|33 Years (28 Sep, 1988)|
|Right-Handed, Two-Handed Backhand|
|Vedran Martic, Vilim Visak|
A steady presence on the ATP Tour circuit since he turned professional in 2005, Marin Cilic has achieved plenty through the course of his career. He might have only won the one Grand Slam but his overall record is decent – he’s won 19 titles through the course of his career and was, in his prime, consistently in and around the top parts of the rankings. Indeed, through the course of his career, he has reached the quarterfinals of all the four major Grand Slam events,...Read More
A steady presence on the ATP Tour circuit since he turned professional in 2005, Marin Cilic has achieved plenty through the course of his career. He might have only won the one Grand Slam but his overall record is decent – he’s won 19 titles through the course of his career and was, in his prime, consistently in and around the top parts of the rankings. Indeed, through the course of his career, he has reached the quarterfinals of all the four major Grand Slam events, as well as the last 8 of all the nine ATP Masters 1000 events too.
Cilic has also represented Croatia on a consistent basis in the Davis Cup, although it’s worth noting he represented Bosnia and Herzegovina – the country he was born in – during his youth. He has also taken part in doubles events over the years, although his main success has come in the singles ranks.
From 2008-18, he made it a point to win at least one title a year. His maiden ATP event win came at New Haven in 2008. In 2009, he won two titles – the Chennai Open and the ATP 250 event at Zagreb, Croatia. He would retain his Chennai crown the following year before doing the same at Zagreb. This meant that, by 2010, he had already won five titles.
He would go on to add 14 more titles to that haul, including the 2014 US Open which till date remains his only win in a Grand Slam final. He even beat Roger Federer en route to the title. Indeed, Cilic holds wins over both other members of the ‘Big Three’ as well – he beat Novak Djokovic in the 2016 Paris Masters and beat then-world number 1 Rafael Nadal in the Australian Open in 2018.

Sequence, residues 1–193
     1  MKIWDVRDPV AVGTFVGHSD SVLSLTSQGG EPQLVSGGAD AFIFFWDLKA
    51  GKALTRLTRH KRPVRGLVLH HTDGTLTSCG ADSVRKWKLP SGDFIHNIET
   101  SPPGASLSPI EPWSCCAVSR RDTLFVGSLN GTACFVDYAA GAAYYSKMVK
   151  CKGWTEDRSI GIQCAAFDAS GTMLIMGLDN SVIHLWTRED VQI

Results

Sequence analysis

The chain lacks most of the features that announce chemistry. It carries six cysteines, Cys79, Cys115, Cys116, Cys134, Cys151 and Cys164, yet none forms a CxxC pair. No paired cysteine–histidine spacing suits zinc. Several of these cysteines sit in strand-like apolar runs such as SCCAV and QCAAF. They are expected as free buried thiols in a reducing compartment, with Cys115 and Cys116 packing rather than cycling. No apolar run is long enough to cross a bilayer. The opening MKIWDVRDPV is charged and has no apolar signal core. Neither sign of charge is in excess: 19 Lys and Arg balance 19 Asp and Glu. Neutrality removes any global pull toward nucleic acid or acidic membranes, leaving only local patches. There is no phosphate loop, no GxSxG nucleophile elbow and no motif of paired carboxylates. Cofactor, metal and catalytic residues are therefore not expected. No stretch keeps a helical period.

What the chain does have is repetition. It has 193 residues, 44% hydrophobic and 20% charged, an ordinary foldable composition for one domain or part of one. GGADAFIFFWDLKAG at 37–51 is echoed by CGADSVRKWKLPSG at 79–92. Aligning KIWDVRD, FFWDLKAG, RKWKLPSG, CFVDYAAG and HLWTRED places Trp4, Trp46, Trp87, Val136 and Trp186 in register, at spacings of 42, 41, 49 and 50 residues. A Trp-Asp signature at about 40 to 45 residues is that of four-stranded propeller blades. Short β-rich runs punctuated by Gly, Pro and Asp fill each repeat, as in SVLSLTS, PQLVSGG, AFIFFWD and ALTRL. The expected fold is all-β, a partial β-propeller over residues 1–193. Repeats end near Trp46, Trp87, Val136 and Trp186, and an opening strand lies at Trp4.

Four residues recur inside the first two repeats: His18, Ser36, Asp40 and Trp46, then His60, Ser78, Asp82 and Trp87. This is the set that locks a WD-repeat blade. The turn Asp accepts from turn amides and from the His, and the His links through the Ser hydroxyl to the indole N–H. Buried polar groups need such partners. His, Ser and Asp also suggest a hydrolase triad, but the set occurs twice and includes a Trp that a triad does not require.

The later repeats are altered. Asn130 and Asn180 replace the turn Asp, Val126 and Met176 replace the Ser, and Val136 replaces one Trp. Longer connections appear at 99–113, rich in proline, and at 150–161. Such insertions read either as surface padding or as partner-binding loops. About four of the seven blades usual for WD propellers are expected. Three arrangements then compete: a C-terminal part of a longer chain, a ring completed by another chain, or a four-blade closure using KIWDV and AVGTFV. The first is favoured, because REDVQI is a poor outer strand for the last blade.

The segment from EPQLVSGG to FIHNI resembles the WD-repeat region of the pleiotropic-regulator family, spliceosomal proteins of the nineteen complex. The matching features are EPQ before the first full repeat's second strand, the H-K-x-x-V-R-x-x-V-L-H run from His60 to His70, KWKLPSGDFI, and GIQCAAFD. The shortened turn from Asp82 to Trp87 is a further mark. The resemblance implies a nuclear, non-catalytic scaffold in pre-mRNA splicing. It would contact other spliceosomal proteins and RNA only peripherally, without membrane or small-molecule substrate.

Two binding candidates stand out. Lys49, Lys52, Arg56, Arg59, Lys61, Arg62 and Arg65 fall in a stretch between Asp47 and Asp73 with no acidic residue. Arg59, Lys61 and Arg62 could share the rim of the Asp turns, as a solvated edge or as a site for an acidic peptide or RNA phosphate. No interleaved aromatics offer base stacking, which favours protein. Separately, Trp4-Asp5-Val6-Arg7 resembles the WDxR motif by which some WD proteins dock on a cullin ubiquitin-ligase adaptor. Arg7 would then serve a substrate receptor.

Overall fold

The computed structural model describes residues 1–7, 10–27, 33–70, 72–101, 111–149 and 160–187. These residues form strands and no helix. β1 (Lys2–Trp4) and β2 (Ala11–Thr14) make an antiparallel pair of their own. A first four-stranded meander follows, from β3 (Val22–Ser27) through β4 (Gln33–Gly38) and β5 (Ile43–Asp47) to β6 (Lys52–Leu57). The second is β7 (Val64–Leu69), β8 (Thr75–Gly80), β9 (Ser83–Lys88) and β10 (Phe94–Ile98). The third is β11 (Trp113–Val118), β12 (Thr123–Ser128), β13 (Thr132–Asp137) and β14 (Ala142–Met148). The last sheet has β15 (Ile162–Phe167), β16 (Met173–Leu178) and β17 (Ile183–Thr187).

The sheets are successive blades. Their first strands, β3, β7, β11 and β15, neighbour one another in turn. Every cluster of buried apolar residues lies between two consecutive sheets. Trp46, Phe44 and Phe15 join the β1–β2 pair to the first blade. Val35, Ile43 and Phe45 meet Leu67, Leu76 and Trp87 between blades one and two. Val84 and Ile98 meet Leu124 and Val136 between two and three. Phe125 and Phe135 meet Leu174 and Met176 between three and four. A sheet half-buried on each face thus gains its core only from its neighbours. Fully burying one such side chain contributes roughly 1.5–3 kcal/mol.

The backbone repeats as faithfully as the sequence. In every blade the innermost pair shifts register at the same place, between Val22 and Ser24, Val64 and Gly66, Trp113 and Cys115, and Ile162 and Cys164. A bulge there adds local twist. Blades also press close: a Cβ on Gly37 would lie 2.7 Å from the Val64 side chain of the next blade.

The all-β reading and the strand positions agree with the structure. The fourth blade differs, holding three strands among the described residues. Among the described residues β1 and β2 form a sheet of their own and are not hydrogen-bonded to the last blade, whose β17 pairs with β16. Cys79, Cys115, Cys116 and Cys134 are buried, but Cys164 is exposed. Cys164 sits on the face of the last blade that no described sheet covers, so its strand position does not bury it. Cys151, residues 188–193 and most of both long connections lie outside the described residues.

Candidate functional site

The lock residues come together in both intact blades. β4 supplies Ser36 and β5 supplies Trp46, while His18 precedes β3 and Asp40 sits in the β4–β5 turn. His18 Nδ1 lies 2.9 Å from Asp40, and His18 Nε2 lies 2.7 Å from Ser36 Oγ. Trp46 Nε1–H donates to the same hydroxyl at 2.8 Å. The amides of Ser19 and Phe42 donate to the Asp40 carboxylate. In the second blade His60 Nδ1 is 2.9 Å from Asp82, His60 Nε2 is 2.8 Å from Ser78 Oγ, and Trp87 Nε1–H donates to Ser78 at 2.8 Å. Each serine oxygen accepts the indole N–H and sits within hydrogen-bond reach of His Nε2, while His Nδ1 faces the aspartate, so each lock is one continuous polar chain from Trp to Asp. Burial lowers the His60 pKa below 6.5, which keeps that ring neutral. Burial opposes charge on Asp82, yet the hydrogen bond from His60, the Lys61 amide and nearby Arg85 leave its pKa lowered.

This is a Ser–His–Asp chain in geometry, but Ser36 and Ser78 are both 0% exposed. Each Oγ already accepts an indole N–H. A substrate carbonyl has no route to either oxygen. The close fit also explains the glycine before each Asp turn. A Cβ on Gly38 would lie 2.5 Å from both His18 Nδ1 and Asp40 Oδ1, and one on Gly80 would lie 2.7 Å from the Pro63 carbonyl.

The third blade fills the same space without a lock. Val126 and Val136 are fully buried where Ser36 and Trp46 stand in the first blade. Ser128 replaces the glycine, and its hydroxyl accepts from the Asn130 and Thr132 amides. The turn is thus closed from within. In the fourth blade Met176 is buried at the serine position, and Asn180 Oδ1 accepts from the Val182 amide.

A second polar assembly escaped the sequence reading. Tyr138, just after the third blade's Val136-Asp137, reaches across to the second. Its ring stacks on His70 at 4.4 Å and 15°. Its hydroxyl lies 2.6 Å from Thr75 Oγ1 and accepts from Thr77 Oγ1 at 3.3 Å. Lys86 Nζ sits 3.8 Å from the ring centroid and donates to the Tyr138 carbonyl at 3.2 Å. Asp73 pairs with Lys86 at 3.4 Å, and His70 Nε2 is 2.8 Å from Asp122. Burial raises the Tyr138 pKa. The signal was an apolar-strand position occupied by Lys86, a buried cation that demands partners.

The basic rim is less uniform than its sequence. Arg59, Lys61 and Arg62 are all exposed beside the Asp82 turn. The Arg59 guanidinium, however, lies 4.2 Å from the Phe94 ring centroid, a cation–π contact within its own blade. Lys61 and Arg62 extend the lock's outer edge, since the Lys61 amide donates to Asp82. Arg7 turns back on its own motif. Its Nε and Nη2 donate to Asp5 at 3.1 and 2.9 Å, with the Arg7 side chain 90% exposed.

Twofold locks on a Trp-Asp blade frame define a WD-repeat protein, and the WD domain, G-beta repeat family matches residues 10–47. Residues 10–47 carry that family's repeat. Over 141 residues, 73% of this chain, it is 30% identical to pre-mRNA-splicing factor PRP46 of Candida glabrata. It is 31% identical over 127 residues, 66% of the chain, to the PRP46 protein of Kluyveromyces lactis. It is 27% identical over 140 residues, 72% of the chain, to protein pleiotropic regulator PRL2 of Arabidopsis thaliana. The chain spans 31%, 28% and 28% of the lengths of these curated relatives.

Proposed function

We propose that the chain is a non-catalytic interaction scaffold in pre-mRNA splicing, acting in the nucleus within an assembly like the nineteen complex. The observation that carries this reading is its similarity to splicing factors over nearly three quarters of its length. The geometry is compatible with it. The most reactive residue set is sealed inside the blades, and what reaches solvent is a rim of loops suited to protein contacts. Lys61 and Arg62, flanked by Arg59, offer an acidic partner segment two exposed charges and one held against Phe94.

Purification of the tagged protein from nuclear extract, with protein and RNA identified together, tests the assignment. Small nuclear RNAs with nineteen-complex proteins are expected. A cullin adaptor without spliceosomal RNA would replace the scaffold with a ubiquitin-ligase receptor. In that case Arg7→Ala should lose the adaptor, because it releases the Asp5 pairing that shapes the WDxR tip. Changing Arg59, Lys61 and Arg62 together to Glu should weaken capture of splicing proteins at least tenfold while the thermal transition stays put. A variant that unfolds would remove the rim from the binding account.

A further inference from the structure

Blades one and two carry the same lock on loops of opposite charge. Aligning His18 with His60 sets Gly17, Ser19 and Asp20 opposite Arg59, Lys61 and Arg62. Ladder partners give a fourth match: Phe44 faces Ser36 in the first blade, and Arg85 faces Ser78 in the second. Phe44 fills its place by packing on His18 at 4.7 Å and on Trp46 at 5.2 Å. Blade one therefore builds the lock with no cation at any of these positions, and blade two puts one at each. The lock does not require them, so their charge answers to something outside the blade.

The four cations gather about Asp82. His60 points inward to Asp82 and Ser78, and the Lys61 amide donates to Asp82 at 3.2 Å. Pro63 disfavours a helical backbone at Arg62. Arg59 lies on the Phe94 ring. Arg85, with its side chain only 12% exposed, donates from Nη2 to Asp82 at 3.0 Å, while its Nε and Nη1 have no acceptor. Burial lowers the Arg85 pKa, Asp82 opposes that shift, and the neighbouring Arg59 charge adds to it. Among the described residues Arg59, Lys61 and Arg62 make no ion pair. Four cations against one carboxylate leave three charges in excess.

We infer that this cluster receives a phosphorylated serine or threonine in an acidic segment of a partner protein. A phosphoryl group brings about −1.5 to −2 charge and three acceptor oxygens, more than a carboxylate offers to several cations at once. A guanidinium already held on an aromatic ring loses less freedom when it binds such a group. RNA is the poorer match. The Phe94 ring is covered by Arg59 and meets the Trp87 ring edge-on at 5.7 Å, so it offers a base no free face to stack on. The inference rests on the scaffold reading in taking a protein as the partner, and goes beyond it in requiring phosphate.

Recent years have seen him struggle both with form. 2018 was his best year in terms of big wins and Grand Slam performances, and he was catapulted to 3rd in the world rankings as a result. However, his form nosedived after that and he fell out of the top 40 at one point.
Nevertheless, he has shown signs of recovering some form in 2021. He won the Stuttgart Open and also clinched a silver medal in the Tokyo Olympics 2020 in the men’s doubles event. Notably, this was the first time since 1908 that one country had won both the gold and silver medal in the men’s doubles event, and only the third time overall.
Cilic’s big frame lends itself to a power-based game. He is aggressive on the baseline and likes to take the attack to his opponents. His height enables him to hit big shots towards either side of the court. However, his biggest strength is his serve. Cilic is not known to go for a safe serve; he goes big, both on his first serve and second serve.
That can be disadvantageous when it doesn’t work out, but when it does it can be devastating. Cilic also worked hard to improve his forehand shots, which became a big strength later in his career. Weirdly enough, his backhand suffered as a result. He’s also prone to go for big shots despite being in awkward positions, which can be his undoing sometimes.
Australian Open – runner up in 2018
French Open – quarterfinalist in 2017 and 2018
Wimbledon – finalist in 2017
US Open – winner in 2014
|Singles Service Record|
|1st Serve Points Won||77%|
|2nd Serve Points Won||52%|
|Break Points Faced||4,634|
|Break Points Saved||64%|
|Service Games Played||10,200|
|Service Games Won||84%|
|Total Service Points Won||66%|
|Singles Return Record|
|1st Serve Return Points Won||30%|
|2nd Serve Return Points Won||50%|
|Break Points Opportunities||5,947|
|Break Points Converted||38%|
|Return Games Played||10,082|
|Return Games Won||23%|
|Return Points Won||38%|
|Total Points Won||52%|
Arthur Ashe Humanitarian of the Year
|Ranking||Points||YTD W/L||YTD Titles||YTD Prize Money|
|40||1,493||22 - 17||1||$722,521|
|2019.05.06||ATP Masters 1000 Madrid||QF||90||2022.05.09|
|2021.03.22||ATP Masters 1000 Miami||R16||90||2022.04.04|
|2020.11.02||ATP Masters 1000 Paris||R16||90||2021.11.08|
|2021.08.16||ATP Masters 1000 Cincinnati||R32||45||2022.08.22|
|2019.08.05||ATP Masters 1000 Canada||R16||45||2022.08.08|
|2020.09.14||ATP Masters 1000 Rome||R16||45||2022.05.16|
|2019.03.04||ATP Masters 1000 Indian Wells||R32||23||2021.10.18|
|2019.10.07||ATP Masters 1000 Shanghai||R64||10||2021.10.18|
|2021.06.14||London / Queen's Club||QF||90||2022.06.20|
|2021.04.12||ATP Masters 1000 Monte Carlo||R64||10||2022.04.18|